When is it, where is it hosted, and how to get tickets

Next year sees the return of the Women’s World Cup, with the Fifa showpiece heading Down Under for its ninth edition – one that promises to be the biggest to date.

Twenty-one teams have already qualified but there are still plenty of places up for grabs; the tournament will be expanded from 24 teams (in 2019) to 32 teams for the first time, as a marker of the surge in population and growth that the women’s game has experienced in recent times.

Another first in 2023 is that the tournament will be jointly hosted by two nations for the first time. Read all about that – and more – below.

When is it?

The 2023 Women’s World Cup will take place from July 20 to August 20, 2023. Scroll down for more information, but reports stating that the tournament might follow the men’s lead and move from its traditional summer slot have been quashed by Fifa.

Where is it?

The tournament will be jointly hosted by Australia and New Zealand, who beat Colombia to win the vote. Venues include those which will be well known to rugby fans, such as Eden Park (Auckland), Suncorp Stadium (Brisbane), and Stadium Australia (Sydney).

Which teams have qualified?

England have not yet qualified for the tournament, with two matches left to play in their qualifying group. The Lionesses, however, are currently top of their group table.

Neither Republic of Ireland nor Wales can qualify automatically but they are both still in with a chance of securing a spot in the play-offs. Scotland are assured a play-off place, which will take place in October.

The following teams have already qualified for the main tournament: Australia, New Zealand, Japan, South Korea, China PR, Philippines, Vietnam, Sweden, Spain, France, Denmark, United States, Canada, Costa Rica, Jamaica, Zambia, Morocco, Nigeria, South Africa, Colombia, Brazil.

How to watch

Broadcasting rights for the tournament have not yet been announced but the 2019 edition was shown exclusively by the BBC.

How to get tickets

Tickets are not yet on sale, with no date set for release, but fans can register interest on the official tournament website.

Who are the defending champions?

The US are the defending champions after they beat the Netherlands in Lyon in 2019.

How have England done before?

England have qualified for the Women’s World Cup five times. They have reached the quarter-finals three times and the semi-finals twice, most recently in 2019 when they were knocked out by eventual winners US.

Latest news

by Tom Garry, Women’s Football Reporter

Fifa discussed delaying next year’s Women’s World Cup, it has emerged.

With less than a year to go until the competition in Australia and New Zealand begins, organisers are insisting that the dates for the 2023 Women’s World Cup will not be changed, after it emerged that informal discussions had taken place this month about delaying next summer’s tournament by a few months. 

Telegraph Sport understands that, as revealed by L’Equipe, senior officials at world governing body Fifa are understood to have informally floated the idea of rearranging the event in conversations as recently as the past fortnight.

Three separate sources at three of Europe’s biggest national associations have confirmed that they were spoken about the feasibility of moving the event to October or November, instead of its current schedule from 20 July to 20 August. However, all of those sources stressed that the idea was never a formal proposal, and that their feedback had been that it was far too late to reschedule the competition, which is set to be the world’s most-watched sporting event in the calendar year of 2023.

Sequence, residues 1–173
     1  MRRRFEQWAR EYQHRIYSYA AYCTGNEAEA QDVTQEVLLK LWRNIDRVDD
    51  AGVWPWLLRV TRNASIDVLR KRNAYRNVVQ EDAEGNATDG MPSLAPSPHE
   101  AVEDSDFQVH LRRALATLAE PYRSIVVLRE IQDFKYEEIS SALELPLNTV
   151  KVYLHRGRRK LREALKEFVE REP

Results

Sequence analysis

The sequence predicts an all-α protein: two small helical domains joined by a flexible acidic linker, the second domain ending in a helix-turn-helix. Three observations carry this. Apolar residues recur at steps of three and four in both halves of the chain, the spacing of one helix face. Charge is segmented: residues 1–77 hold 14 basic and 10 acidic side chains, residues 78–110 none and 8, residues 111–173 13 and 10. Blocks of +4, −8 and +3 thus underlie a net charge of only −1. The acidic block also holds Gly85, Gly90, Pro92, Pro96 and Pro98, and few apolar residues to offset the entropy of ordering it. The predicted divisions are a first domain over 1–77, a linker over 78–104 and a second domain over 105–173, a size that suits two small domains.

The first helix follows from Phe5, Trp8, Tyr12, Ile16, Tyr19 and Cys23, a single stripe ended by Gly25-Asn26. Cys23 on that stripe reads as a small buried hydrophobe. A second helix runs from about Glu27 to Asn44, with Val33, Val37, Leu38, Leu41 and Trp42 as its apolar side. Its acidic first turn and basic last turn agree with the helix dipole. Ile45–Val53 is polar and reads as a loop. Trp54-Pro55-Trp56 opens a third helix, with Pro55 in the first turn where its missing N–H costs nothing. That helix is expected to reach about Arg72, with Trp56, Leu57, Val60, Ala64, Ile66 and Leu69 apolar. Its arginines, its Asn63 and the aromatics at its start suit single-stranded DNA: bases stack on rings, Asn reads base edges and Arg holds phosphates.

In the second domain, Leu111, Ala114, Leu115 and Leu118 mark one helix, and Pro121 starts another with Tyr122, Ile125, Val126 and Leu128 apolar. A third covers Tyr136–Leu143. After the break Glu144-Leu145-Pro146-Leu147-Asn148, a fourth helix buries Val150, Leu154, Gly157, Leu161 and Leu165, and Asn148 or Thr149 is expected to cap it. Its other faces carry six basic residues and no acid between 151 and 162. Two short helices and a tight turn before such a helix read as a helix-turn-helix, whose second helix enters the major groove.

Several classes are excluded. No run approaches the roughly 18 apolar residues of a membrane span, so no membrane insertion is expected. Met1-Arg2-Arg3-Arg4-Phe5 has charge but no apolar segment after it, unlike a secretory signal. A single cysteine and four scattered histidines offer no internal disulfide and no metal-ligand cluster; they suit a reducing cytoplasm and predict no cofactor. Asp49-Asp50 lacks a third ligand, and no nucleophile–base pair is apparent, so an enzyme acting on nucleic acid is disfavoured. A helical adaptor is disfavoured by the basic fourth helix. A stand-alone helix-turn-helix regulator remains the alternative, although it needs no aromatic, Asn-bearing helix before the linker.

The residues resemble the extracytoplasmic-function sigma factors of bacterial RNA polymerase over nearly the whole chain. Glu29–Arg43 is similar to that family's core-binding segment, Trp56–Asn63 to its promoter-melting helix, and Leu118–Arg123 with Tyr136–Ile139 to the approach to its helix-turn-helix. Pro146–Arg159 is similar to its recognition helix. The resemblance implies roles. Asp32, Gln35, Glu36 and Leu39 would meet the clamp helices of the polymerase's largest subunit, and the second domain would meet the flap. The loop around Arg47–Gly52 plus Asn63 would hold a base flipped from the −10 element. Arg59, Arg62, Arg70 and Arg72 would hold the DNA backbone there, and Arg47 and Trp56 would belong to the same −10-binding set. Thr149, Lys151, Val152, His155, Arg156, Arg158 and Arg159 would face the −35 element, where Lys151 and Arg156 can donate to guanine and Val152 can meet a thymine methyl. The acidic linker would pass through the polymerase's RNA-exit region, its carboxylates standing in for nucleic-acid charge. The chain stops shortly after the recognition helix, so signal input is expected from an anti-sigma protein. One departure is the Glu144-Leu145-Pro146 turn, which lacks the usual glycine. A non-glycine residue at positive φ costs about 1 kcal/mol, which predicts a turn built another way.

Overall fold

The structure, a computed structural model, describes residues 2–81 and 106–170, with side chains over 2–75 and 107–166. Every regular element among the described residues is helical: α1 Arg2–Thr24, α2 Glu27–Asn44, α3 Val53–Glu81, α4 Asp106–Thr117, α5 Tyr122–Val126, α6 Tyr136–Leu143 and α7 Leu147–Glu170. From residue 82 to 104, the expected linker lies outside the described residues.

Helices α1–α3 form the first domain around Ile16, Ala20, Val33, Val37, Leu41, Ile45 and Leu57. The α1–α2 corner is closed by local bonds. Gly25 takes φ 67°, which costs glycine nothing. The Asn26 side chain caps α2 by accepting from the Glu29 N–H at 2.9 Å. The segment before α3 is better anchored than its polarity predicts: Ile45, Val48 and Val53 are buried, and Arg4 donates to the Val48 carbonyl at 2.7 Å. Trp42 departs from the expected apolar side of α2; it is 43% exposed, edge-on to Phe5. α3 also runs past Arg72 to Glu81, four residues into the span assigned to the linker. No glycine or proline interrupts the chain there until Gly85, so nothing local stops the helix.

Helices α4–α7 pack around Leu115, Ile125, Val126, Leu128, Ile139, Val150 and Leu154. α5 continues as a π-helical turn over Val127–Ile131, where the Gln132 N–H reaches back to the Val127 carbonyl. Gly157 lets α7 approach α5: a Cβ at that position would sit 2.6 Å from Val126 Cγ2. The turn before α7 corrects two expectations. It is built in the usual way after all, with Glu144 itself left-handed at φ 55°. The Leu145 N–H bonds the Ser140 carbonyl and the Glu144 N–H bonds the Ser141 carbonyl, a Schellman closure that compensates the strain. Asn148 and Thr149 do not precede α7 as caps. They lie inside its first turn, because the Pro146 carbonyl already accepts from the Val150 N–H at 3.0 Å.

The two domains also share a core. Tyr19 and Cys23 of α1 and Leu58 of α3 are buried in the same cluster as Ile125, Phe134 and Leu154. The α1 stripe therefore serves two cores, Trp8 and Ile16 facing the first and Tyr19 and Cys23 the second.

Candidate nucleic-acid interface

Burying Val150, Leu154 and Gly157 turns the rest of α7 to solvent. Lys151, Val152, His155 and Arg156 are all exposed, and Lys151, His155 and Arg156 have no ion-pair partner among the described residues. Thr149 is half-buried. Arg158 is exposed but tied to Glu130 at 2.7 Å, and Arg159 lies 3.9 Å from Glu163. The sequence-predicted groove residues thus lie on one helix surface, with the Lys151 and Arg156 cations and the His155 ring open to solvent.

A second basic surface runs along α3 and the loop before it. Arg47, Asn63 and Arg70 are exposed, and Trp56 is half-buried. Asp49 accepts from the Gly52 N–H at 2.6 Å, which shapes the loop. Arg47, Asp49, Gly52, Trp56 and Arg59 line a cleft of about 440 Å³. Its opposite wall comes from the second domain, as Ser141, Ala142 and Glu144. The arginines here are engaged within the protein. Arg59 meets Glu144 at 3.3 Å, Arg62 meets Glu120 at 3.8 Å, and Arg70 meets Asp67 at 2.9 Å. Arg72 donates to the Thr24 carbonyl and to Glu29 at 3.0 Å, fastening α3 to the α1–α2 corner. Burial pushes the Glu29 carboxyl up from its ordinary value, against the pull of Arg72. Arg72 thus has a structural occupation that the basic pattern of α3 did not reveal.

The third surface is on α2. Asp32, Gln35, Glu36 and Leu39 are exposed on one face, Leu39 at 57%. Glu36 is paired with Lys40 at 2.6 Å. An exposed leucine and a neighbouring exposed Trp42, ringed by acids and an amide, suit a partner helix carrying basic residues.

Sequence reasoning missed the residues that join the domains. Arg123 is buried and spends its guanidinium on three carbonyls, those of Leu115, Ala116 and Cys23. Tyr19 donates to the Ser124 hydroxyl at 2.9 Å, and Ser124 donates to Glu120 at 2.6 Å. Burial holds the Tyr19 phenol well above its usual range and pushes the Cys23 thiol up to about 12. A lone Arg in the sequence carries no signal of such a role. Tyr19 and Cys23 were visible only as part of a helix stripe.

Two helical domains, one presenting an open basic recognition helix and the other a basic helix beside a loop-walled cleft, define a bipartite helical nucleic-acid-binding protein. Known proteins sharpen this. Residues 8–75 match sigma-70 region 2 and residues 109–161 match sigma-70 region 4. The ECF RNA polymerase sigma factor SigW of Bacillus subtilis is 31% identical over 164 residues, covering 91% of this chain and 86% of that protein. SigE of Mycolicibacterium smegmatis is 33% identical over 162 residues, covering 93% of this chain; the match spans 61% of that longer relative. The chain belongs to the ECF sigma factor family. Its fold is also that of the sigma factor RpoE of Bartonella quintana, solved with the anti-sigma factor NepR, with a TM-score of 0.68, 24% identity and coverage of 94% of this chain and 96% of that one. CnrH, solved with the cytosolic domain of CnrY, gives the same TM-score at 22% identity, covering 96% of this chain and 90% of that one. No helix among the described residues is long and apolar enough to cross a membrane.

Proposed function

The idea of changing the dates is understood to now not be being taken any further.

On Friday morning, a Fifa spokesperson told Telegraph Sport: “After a successful ‘One Year to Go’ event, the Fifa Women’s World Cup 2023 is scheduled to kick off on 20 July 2023. No changes to the dates of the competition are foreseen.”

Similarly, statements from the national FAs of the co-hosts in both Australia and New Zealand said they were not anticipating any changes, with New Zealand’s FA adding: “Our preparations continue for kicking off the tournament at Eden Park on July 20, 2023.”

The men’s World Cup, taking place later this year, was rearranged from it’s traditional June-July days to be played from 21 November to 18 December 2022, in a decision taken in 2018, so that it would not be played in the Middle East’s hottest temperatures.

Weather was also touted by one source as one of the reasons why informal conversations were being had about possibly moving the 2023 women’s event, which will take place in winter weather for the host nations down under. Others said the issue was related to concerns raised by a small number of international broadcasters that August dates were not optimum for the tournament, shortly after some of the broadcasting rights were put out to tender. However, Telegraph Sport understands a lot of the broadcasting rights elsewhere around the world have already been negotiated for significantly improved terms compared to the 2019 World Cup.

The topic of the international women’s calendar is a source of much debate at present, with a schedule for international windows not yet fully confirmed beyond the end of 2023. One date that is in the diary for 2024 is the Olympics, at which women’s football teams can pick their strongest, senior sides unlike the men’s teams, and it was announced on Thursday that for the first time in the history of the football competitions at the Olympics, the women’s gold medal match will conclude the event rather than the men’s, in Paris. The Olympic football tournaments run from 24 July to 10 August 2024. 

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